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Figure 1. Photograph of one of the Vaughn Canyon gabions (Photo by L. Norman 9/11/15).
Figure 1. Photograph of one of the Vaughn Canyon gabions (Photo by L. Norman 9/11/15).
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Figure 2. Location map depicting the San Pedro Watershed, in the State of Arizona and the US–Mexico border, cities, land ownership, and the Babocomari HUC10 sub-watershed.
Figure 2. Location map depicting the San Pedro Watershed, in the State of Arizona and the US–Mexico border, cities, land ownership, and the Babocomari HUC10 sub-watershed.
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Figure 3. Map depicting the Upper Babocomari Watershed, hydrology, dams, rain gages, and gaging station mapped for this study.
Figure 3. Map depicting the Upper Babocomari Watershed, hydrology, dams, rain gages, and gaging station mapped for this study.
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Figure 4. Flow chart describing phases of research and hydrologic model applications.
Figure 4. Flow chart describing phases of research and hydrologic model applications.
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Figure 5. Diagram portraying location of instruments around Gabion #2 (drawing by C. Fandel).
Figure 5. Diagram portraying location of instruments around Gabion #2 (drawing by C. Fandel).
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Figure 6. Photo taken 5 min after flow onset. Guidelines were superimposed later to assist in estimating ponding extent by C. Fandel.
Figure 6. Photo taken 5 min after flow onset. Guidelines were superimposed later to assist in estimating ponding extent by C. Fandel.
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Figure 7. Image depicting the LiDAR-derived data collected at gabion #2 in Vaughn Canyon (Image by B. Forbes).
Figure 7. Image depicting the LiDAR-derived data collected at gabion #2 in Vaughn Canyon (Image by B. Forbes).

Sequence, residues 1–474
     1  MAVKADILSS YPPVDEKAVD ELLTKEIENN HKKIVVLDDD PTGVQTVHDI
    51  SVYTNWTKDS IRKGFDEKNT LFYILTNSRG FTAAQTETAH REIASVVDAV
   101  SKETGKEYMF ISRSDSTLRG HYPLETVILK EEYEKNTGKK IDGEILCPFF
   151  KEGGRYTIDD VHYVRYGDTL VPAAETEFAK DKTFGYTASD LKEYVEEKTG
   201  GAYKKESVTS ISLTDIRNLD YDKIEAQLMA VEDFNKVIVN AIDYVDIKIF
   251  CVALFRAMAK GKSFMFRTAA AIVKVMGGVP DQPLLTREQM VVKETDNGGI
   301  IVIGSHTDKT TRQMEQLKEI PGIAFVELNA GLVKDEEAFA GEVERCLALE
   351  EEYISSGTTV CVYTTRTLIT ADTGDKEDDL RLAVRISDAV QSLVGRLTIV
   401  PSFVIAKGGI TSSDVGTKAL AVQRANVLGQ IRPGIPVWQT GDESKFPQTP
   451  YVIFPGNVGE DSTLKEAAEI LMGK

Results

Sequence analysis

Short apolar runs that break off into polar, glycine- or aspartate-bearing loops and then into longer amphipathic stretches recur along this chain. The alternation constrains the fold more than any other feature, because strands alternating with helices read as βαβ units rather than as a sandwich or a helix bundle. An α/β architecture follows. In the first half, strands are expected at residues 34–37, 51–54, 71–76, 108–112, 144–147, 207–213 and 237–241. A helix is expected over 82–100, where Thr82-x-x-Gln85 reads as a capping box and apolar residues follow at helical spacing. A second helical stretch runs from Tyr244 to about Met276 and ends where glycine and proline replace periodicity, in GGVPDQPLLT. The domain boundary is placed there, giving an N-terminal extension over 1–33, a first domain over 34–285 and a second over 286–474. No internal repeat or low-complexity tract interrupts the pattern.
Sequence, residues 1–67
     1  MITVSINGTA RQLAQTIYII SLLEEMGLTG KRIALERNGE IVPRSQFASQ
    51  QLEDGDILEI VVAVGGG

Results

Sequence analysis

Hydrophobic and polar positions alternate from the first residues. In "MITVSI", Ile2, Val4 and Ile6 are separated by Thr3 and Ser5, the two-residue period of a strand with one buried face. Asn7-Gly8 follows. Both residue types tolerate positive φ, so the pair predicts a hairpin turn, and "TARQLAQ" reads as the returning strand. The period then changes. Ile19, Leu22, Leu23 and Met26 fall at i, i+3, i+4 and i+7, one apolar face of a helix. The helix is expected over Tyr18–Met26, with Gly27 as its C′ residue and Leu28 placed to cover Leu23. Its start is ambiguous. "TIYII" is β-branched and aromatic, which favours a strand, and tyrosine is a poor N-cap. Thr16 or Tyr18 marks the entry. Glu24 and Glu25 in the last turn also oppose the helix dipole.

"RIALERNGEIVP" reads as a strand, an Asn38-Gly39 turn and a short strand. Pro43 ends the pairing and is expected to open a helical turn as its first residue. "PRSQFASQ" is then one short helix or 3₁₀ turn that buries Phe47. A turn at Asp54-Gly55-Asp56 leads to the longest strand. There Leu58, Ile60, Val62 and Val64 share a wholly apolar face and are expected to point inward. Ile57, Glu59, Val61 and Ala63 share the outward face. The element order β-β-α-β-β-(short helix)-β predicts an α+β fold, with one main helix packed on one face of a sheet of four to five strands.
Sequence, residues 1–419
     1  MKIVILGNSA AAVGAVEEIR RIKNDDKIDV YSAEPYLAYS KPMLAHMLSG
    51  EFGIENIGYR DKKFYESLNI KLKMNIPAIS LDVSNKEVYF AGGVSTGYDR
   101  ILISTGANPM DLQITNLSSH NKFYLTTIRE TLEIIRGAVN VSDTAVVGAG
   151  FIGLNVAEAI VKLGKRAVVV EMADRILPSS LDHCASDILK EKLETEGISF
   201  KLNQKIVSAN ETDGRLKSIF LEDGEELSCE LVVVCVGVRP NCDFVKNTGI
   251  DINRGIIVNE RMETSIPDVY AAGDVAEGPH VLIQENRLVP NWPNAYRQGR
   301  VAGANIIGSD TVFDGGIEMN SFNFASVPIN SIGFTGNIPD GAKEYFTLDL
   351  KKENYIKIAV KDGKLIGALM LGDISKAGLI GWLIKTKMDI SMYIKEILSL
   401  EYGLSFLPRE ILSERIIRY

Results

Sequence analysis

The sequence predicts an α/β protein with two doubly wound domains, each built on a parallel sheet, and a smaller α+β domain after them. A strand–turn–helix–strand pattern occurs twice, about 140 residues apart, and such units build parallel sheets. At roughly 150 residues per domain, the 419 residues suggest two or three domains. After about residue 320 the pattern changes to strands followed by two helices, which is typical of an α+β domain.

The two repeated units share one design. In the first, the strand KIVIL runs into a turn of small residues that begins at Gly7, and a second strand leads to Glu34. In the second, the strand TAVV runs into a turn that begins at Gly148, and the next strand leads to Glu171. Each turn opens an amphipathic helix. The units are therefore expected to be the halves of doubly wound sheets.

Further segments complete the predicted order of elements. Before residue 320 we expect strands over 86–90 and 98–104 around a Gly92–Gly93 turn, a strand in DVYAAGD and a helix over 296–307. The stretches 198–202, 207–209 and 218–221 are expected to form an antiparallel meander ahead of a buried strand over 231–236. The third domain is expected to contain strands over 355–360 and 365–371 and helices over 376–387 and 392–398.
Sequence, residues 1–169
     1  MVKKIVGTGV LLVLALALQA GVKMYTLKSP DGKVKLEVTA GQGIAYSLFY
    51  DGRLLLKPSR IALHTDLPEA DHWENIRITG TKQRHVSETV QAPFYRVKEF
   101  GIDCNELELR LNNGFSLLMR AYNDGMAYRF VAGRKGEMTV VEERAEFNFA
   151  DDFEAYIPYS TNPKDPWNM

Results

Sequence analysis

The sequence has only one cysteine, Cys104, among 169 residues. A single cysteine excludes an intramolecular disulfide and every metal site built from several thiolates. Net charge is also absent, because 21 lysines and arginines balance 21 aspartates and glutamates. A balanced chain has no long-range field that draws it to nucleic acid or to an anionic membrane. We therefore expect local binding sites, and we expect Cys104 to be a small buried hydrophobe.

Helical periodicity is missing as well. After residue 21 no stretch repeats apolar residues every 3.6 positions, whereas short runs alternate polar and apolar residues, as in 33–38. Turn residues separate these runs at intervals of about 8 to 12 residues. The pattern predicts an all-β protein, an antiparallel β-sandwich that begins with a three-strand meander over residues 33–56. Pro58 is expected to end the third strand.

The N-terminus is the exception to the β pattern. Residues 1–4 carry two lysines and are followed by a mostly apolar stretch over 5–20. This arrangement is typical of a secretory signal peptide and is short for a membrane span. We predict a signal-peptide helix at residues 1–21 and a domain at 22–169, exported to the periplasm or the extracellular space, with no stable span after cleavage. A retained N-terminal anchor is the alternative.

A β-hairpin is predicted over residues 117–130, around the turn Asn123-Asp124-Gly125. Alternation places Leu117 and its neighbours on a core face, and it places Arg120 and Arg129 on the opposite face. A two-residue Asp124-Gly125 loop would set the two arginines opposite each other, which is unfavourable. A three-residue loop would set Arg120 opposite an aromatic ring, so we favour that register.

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Figure 8. Selected high, intermediate, and low infiltration scenarios with and without a gabion present.
Figure 8. Selected high, intermediate, and low infiltration scenarios with and without a gabion present.
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Figure 9. Chart portraying change predictions for water budget in 2050 if gabions are installed throughout the Babocomari Watershed.
Figure 9. Chart portraying change predictions for water budget in 2050 if gabions are installed throughout the Babocomari Watershed.
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Table 1. Daily discharge, cubic meters per second—statistics based on 16 years of record at Upper Babocomari River (near Huachuca City, AZ) discharge gaging station (#09471380; accessed on 18 April 2017).
Table 1. Daily discharge, cubic meters per second—statistics based on 16 years of record at Upper Babocomari River (near Huachuca City, AZ) discharge gaging station (#09471380; accessed on 18 April 2017).
Min–200525th PercentileMedianMean75th percentileMax–2001
Table 2. Parameters used to calibrate the Upper Babocomari Watershed Model, where variant ranges of default values depend on input.
Table 2. Parameters used to calibrate the Upper Babocomari Watershed Model, where variant ranges of default values depend on input.
ParameterDescriptionFileDefault ValueRangeCalibrated Value
CN2SCS runoff curve number for moisture condition II.mgtVaries×0.5
ESCOSoil evaporation compensation factor(.hru) .bsn0.950–10.75
REVAPMNThreshold water level in shallow aquifer for revap.gw7500–10001000
SOL_AWCAvailable water capacity of the soil layer.sol0–10–1×2.1
CH_K2Effective hydraulic conductivity of channel.rte0(-0.01–500)2
GW_RevapRevaporation coefficient.gw0.020.02–0.20.2
GWQMINDeep percolation loss.gw10000–5000100
GW_DELAY (days)Groundwater delay time.gw310–500100
SURLAGSurface-runoff lag coefficient.bsn410

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MDPI and ACS Style

Norman, L.M.; Callegary, J.B.; Lacher, L.; Wilson, N.R.; Fandel, C.; Forbes, B.T.; Swetnam, T. Modeling Riparian Restoration Impacts on the Hydrologic Cycle at the Babacomari Ranch, SE Arizona, USA. Water 2019, 11, 381.

AMA Style

Norman LM, Callegary JB, Lacher L, Wilson NR, Fandel C, Forbes BT, Swetnam T. Modeling Riparian Restoration Impacts on the Hydrologic Cycle at the Babacomari Ranch, SE Arizona, USA. Water. 2019; 11(2):381.

Chicago/Turabian Style

Norman, Laura M., James B. Callegary, Laurel Lacher, Natalie R. Wilson, Chloé Fandel, Brandon T. Forbes, and Tyson Swetnam. 2019. "Modeling Riparian Restoration Impacts on the Hydrologic Cycle at the Babacomari Ranch, SE Arizona, USA" Water 11, no. 2: 381.